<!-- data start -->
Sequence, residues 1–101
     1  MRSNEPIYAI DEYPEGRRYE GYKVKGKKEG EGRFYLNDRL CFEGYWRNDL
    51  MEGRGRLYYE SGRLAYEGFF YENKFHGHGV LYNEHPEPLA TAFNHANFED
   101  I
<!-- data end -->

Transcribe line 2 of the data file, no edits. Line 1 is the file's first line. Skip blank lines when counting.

     1  MRSNEPIYAI DEYPEGRRYE GYKVKGKKEG EGRFYLNDRL CFEGYWRNDL